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Big picture: Will global Islam overtake Christianity by 2050?

Big picture: Will global Islam overtake Christianity by 2050?

The Pew Research Center scored ample ink at GetReligion and elsewhere with its important April report on global trends that all religion writers will want to keep on file: “The Future of World Religions: Growth Projections, 2010–2050" (.pdf file here). The 245-page publication provides religious population estimates as of 2050 for each of the 198 nations and territories that have  populations of 100,000 and above, by calculating such factors as birth rates, age distribution, migration, life expectancy and  rates of switching between religions in 70 nations for which we have data.

The headline item was the Pew team’s estimate that “by 2050 there will be near parity between Muslims (2.8 billion, or 30 percent of the population) and Christians (2.9 billion, or 31 percent), possibly for the first time in history.” (Pew explains that Muslims might have outnumbered Christians sometime between 1000 and 1600 as Muslim forces repeatedly invaded Christian strongholds and the Black Death decimated Europe. But we’ll never know because estimates for the Middle Ages are “fraught with uncertainty.”)

The most significant response to Pew’s report (.pdf file here) comes from another essential resource for journalists, the Center for the Study of Global Christianity at Gordon-Conwell Theological Seminary.  That analysis tapped the annual CSGC survey for the International Bulletin of Missionary Research, which was expanded this time to include projections to 2050 (.pdf file here).  This center, which the Religion Guy recently visited, provides statistics for various reference books and has just began work on a 3d edition of its World Christian Encyclopedia.

As of 2050, CSGC projects a slightly lower global count than Pew for Muslims at 2.7 billion, and a considerably higher 3.4 billion for Christians.

Why the disparity?

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There's more to globalization news than cheap clothes and fresh fruit in winter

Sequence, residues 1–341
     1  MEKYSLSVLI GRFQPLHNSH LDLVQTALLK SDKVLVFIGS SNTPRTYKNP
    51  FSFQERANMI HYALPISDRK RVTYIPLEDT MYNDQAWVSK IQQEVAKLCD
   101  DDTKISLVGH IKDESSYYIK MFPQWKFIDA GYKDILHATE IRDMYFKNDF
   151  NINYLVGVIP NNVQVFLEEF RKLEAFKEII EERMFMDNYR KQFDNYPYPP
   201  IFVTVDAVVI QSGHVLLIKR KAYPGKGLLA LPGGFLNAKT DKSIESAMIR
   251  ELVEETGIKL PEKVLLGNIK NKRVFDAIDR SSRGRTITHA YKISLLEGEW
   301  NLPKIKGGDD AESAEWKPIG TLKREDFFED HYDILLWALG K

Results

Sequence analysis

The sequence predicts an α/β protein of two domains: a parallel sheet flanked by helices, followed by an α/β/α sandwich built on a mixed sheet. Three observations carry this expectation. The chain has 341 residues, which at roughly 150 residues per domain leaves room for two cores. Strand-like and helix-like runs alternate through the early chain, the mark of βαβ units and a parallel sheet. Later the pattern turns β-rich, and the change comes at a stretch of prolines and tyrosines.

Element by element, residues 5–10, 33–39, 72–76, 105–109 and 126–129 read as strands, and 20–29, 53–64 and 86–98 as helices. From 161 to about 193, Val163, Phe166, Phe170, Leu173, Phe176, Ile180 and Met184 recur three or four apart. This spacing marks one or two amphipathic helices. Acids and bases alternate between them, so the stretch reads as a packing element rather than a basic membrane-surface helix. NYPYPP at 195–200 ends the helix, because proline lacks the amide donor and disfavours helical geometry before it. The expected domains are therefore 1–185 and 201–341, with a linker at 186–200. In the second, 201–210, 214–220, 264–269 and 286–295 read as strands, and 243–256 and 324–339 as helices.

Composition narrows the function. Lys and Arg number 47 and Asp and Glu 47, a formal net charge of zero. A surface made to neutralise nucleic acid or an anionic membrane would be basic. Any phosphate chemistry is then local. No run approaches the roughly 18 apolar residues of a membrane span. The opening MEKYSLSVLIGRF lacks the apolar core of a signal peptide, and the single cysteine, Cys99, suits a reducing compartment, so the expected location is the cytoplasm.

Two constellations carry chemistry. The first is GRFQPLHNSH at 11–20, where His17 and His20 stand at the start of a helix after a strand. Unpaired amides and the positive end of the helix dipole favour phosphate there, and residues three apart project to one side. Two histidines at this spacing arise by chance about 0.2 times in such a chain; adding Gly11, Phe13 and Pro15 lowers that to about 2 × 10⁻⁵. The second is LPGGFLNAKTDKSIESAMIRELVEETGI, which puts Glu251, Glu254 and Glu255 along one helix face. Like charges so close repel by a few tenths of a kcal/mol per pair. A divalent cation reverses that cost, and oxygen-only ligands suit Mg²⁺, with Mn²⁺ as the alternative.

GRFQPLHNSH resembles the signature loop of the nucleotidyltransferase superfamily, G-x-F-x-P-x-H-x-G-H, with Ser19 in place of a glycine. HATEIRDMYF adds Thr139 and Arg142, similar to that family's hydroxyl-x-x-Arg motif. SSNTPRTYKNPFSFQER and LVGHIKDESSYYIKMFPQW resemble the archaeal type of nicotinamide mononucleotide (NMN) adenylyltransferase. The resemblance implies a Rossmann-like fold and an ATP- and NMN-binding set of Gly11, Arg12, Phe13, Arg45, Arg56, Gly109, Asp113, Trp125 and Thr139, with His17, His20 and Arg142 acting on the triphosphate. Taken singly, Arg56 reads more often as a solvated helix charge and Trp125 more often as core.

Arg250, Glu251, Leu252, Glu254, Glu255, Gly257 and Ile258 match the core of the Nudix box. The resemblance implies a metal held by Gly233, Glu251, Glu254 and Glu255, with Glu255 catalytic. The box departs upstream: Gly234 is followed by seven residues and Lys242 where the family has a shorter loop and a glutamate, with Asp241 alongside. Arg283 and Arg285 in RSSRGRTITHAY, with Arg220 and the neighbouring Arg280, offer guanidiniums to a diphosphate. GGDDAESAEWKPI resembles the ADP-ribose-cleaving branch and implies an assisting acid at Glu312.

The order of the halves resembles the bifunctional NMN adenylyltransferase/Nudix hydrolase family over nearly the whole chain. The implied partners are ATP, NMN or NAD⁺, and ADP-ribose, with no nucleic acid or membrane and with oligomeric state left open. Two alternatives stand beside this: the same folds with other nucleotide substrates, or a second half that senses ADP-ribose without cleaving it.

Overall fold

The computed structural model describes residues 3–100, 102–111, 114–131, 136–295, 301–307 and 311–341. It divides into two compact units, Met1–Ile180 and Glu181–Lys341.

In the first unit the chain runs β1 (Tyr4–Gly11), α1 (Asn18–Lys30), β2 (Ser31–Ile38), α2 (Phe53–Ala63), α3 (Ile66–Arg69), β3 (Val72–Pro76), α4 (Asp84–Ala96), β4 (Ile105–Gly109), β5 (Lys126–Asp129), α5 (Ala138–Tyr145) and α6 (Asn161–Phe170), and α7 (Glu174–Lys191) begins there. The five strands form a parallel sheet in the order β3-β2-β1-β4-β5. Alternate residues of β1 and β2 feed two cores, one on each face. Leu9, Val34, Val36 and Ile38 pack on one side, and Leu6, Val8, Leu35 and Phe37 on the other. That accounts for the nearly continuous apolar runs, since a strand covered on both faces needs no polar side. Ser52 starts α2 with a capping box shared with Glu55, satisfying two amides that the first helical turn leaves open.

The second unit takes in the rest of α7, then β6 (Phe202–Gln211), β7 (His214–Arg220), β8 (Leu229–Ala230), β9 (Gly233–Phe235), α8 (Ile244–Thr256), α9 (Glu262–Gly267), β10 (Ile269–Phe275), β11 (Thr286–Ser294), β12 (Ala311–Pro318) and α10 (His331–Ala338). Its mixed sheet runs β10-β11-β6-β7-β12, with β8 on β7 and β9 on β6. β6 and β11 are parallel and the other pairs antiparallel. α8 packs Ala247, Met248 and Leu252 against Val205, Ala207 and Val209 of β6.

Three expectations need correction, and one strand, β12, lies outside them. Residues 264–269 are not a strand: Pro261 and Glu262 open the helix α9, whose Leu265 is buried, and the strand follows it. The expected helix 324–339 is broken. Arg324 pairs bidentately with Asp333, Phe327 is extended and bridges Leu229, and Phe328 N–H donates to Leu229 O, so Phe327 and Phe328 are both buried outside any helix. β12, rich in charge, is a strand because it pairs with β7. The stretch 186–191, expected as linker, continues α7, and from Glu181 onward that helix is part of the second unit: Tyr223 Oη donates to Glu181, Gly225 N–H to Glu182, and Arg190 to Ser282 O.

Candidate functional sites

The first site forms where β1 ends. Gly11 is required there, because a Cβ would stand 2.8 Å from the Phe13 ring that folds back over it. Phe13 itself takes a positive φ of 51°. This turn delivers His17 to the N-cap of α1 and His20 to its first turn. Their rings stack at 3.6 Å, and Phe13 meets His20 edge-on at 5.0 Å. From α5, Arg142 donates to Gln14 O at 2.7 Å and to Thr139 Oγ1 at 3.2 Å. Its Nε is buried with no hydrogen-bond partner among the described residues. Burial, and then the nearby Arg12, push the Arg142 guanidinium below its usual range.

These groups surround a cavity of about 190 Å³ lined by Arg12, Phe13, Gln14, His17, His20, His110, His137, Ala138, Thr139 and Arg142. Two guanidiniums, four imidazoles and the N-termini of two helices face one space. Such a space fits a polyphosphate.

There's more to globalization news than cheap clothes and fresh fruit in winter

The age of globalization In which we live has both blessed and cursed humanity with the most far-reaching societal changes since the industrial revolution. International trade deals abound, including the Trans-Pacific Partnership proposal now before Congress, though not without some critics.

Still, with American consumers clamoring for cheaper clothes from Bangladesh and fresh summer fruit and vegetables from Chile in the middle of the Northern Hemisphere winter, it would seem that globalization is a smashing success. So why then would The Washington Post run a 2,500-word analysis of globalization's current state beneath a headline reading, "The Great Unraveling of Globalization"?

This late-April takeout ran in the newspaper's business section, where it consumed, with accompanying art, nearly two full broadsheet pages. Written by Jeffrey Rothfeder, former chief editor at International Business Times, the piece argued that globalization has not brought the economic gains promised -- the cheaper garments and year-round summer fruits beloved by consumers not withstanding.

For most -- in particular the multinational corporations and government coin-counters who fuel the consumer passion -- material gain is what globalization is all about. Given that Rothfeder's piece was a business section project, it's no surprise that he focused solely on globalization's economic side.

But globalization's far-reaching changes affect far more than the bottom line.

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An atheistic example of mainstream press fondness for single-sourcing

An atheistic example of mainstream press fondness for single-sourcing

Opinions expressed by individual writers and talkers are a legitimate aspect of journalism.

But.

But these days newspapers, TV news and allegedly journalistic Web sites are all tempted to overdo such single-sourcing. Mainly that’s because you have to pay a salary and benefits to a seasoned staff journalist so it’s cheaper to throw a few bucks at a freelance. As the saying in the business goes, the operative adjective is “free.”

Like science or medicine, religion is a highly complex news beat that suffers when a news organization lacks an experienced specialist. For example, the Wall Street Journal is pursuing an ambitious effort to expand general coverage beyond its business ghetto. But with religion, it typically limits matters to Friday op-ed pieces written by interested parties. They’re often worth a look but cannot match analysis by a non-partisan journalist carefully assessing various sides of a question.

Another sort of WSJ example occurred with the  April 27 special section titled “The Future Issue.” The religion aspect, not treated in the print package, was relegated to the online postings. The paper had noted Tufts University atheist Daniel Dennett tell us “Why the Future of Religion is Bleak,” while Vanderbilt Divinity dean Emilie Townes separately contended that “The Future of Religion is Ascendant.”

Problem was, the two profs often talked past each other and made some assertions a newswriter would challenge.